Last week, Mary Meeker and her team at Kleiner Perkins published their yearly internet opus.  For those keeping track, it is now at 355 slides!  Though much of it focuses on the continuing evolution of commerce, media and gaming, as well as China and India, there are some excellent nuggets on the cloud security.  Her analysis plays well into Cavirin’s strategy and product direction.

We live in an increasingly multi-cloud world.  Amazon with AWS got off to an early start, but Microsoft’s Azure, by virtue of its strong enterprise footprint, is gaining ground quickly.  Whereas companies leveraging AWS remained constant at 57% between 2016 and 2017, Azure use grew from 20% to 34%.   And not to be dismissed is the Google Cloud Platform (GCP), growing from 10% to 15% and benefitting from strong enterprise focus as evidenced at this year’s Google Next conference. Beyond this baseline, AWS will experience even greater competition in the future, as only 27% of organizations who don’t currently use AWS are experimenting with or planning to use the platform in the future.   This grows to 33% for Azure and 30% for GCP.   Cavirin natively supports the three major cloud service providers (CSPs), and delivers consistent analysis between these and any on-premise deployments.


Control Your Cloud

By now, anyone with any connection to security is aware of the WannaCry ransomware attack, and it says something, that on the Wiki entry, it is already listed amongst major incidents with Anthem, Sony Pictures, and the US Election.   As a quick review, the attack, leveraging the leaked NSA tool EternalBlue, took advantage of vulnerabilities in Microsoft’s SMB implementation.   The company issued a critical security bulletin, MS17-010 (CVE-2017-0144) on March 14, 2017, along with a patch for new versions of the OS.  Note that this was a 1-day exploit, and not a zero-day exploit since it was announced and patched.   But the issue is that older versions of the OS were still vulnerable, not every organization is on top of patches, and in some countries, the high percentage of bootleg software effectively disconnected the user from patching.  Nonetheless, Cavirin can play an integral role in helping to identify and remediate these types of vulnerabilities.

First off, Cavirin’s partner SecPod included the notification in its March 16, 2017 SCAP Feed Release.  This was two days after the Microsoft announcement.  This is automatically included in Cavirin’s Patches & Vulnerabilities policy pack, which continually updates the live deployment.   Based on this notification, the customer may quickly scan their environment and identify vulnerable resources.   They may then manually patch their workloads, or may have in place an automated mechanism (i.e., Chef, Ansible) to pull down the Microsoft patch and update their systems.

AWS suffers outage

With increasing reliance on the cloud, and in many cases on a single cloud service provider, the probability for a widespread (though infrequent) outage grows.  On Tuesday, AWS S3 storage experienced a major outage, taking down the back-ends of many sites that include Netflix, Slack, and HubSpot, two of which we use at Cavirin.  For enterprises that were single threaded, they just had to wait it out, and though the actual outage lasted only 4 hours, it took the remainder of the day for many to recover.  To give you an idea of the magnitude of the impact, AWS S3 supports over 150K sites and upwards of three trillion data elements.  Thousands of tweets were questioning if the Internet went down, just like last October with the Mirai outage.  Compounding the problem is that the storage service is shared across multiple AWS zones, and though an enterprise may distribute compute across geographies, due to practical or cost reasons they may depend upon a single storage instance.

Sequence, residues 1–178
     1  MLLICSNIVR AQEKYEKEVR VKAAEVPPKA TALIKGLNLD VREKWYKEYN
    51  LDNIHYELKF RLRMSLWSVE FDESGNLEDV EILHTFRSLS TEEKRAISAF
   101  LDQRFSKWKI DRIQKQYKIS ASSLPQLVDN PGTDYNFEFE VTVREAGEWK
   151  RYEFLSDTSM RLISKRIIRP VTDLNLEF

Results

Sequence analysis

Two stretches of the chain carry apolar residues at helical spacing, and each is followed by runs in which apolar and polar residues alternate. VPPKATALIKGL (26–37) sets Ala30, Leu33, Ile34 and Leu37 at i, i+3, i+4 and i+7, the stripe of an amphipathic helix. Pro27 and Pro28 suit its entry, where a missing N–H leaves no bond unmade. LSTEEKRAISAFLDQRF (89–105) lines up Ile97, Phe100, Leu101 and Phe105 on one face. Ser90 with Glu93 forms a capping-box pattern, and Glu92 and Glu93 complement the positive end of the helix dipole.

The CISO is under immense pressure, expected to manage a dozen or more vendors across perimeter, endpoint, network, application, and data security, not to mention having to be an expert on policy and operations.  Hackers in many cases have the upper hand, and the human element is still the weak link. 

Because of this, more and more enterprises are realizing that what we offer to automate some of this is no longer a nice-to-have…. It is a must-have!   At the same time, we’re able to clearly show our differentiation from the vulnerability assessment vendors, and we are more versatile than the cloud-only solutions.  Look at it this way, best articulated by one of our customers, Cepheid.  VA will tell you how many windows and doors you have, and which are open.   We take the next step, and tell you how to close them.  And, if you are so inclined, we’ll do the closing.  

The API-first architecture of our new Pulsar platform was also top of discussion, with potential ecosystem partners realizing the need for a unified view of overall security compliance, be it server, endpoint, identity, or vulnerability, and across all clouds and containers.  If you missed it, check out our Pulsar General Availability PR.  In all, a more than successful first day for Cavirin’s first RSA presence, based on both the quantity, and more importantly, the quality of discussions and demos. 

(Breaches photo from SS8 shirt at RSA - thanks!)







Cavirin provides security management across physical, public, and hybrid clouds, supporting AWS, Microsoft Azure, Google Cloud Platform, VMware, KVM, and Docker.